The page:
Gabi 0

Hi,

I have the following code that basically displays a <button>, and inside the button two <div>s, one aligned at the top-left corner of the button, the other aligned at the bottom-right corner:

<html>
  <head>
    <style>
      <!--
      .button {
      width: 300px;
      height: 200px;
      background-color: yellow;
      position: relative;
      padding: 0px;
      }

      .child_top_left {
      position: absolute;
      top: 5px;
      left: 5px;
      background-color: blue;
      }

      .child_bottom_right {
      position: absolute;
      bottom: 5px;
      right: 5px;
      background-color: red;
      }
    -->
    </style>
  </head>
  <body>
    <button class="button">
      <div class="child_top_left">top-left</div>
      <div class="child_bottom_right">bottom-right</div>
    </button>
  </body>
</html>

It all works fine in IE 7 or Safari, but in Firefox something is displayed strangely. It looks like Firefox considers that the 'top' of the button is actually located at the middle of the button.

I tried setting the doctype to transitional, but no change.

Anyone encountered this behavior? Maybe there is some workaround for it?

Thanks.

3 answers

1
point
This was chosen as the best answer

buttons are special elements, and it looks as if Mozilla is vertically centering the textbox and using that as its positioning.

I found a workaround for you:

  .button {
  width: 300px;
  height: 200px;
  background-color: yellow;
  position: relative;
  padding: 0 0 200px 0;
  }

padding the bottom of the box with the height of the box appears to force firefox to render the contained elements where you wanted them.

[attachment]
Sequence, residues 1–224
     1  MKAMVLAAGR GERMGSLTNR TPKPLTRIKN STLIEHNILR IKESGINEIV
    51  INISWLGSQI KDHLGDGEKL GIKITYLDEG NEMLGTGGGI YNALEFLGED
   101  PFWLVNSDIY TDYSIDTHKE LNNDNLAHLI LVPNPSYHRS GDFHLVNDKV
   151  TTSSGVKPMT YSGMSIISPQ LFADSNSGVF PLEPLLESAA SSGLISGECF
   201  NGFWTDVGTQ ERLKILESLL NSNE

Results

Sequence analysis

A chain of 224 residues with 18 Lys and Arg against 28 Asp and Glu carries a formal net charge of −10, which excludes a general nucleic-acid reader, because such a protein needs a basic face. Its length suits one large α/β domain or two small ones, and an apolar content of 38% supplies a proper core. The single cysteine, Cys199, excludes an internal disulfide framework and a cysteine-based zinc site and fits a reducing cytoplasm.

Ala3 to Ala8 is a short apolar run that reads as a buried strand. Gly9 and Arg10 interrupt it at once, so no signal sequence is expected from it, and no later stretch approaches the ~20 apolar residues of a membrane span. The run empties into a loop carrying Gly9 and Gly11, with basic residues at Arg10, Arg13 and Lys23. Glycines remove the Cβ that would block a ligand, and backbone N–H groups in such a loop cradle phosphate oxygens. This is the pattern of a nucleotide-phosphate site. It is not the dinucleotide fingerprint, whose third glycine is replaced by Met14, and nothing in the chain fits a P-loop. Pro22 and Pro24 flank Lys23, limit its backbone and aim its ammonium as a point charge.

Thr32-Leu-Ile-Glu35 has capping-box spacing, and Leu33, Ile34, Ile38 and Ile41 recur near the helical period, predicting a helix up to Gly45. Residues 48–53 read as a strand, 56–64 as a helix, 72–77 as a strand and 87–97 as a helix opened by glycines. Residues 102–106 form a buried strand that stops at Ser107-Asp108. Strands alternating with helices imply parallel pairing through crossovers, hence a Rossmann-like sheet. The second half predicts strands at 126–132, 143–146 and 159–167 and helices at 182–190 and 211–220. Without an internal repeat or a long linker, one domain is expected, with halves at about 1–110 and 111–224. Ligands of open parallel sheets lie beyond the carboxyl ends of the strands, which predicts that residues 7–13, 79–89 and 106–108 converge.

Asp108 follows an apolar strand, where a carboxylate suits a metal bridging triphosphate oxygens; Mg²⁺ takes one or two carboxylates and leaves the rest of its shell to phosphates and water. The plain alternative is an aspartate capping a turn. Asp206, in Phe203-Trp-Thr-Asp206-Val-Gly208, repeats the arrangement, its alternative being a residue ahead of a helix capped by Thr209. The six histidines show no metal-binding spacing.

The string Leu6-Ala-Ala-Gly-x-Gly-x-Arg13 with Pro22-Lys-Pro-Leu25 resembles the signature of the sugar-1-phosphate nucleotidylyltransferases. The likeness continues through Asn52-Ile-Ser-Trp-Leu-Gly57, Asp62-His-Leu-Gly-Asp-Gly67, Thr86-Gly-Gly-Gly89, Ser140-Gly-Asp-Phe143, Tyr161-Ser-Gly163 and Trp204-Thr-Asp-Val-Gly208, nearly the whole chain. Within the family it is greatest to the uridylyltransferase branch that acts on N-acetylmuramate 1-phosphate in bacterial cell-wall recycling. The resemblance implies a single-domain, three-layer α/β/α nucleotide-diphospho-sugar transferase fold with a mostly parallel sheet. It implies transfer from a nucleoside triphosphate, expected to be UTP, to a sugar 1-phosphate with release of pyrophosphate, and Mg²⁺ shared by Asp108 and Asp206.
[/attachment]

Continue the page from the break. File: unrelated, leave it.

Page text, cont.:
Answered almost 7 years ago by Tony Crockford
  • This helps, thanks a lot! Although I find it strange, but FF takes the padding into account, while IE and Safari simply ignore the padding. And overall I get exactly the result I want. There is a small horizontal shift in FF, but I think I can compensate it the same way, or something. Gabi almost 7 years ago
0
points

First of all: div-s in buttons is not ok from a semantic point of view, add span or other inline elements. Second of all: try this tutorial on sliding doors in button elements, covers pretty much everything you need to know about common browser bugs and how they render the button element

Answered almost 7 years ago by Razvan Pavel
  • I looked at your tutorial, but as far as I can see you don't need to vertically align stuff inside the button, which is the painful thing in my case. Gabi almost 7 years ago
-1
points

Would you be better off doing something like this?

<input type="button" value="Foo" id="bar" />
Answered almost 7 years ago by Matt Lee
  • The thing is that I need to put some more complex HTML inside the button, and afaik the <input type="button"> tag does not accept such a thing. Gabi almost 7 years ago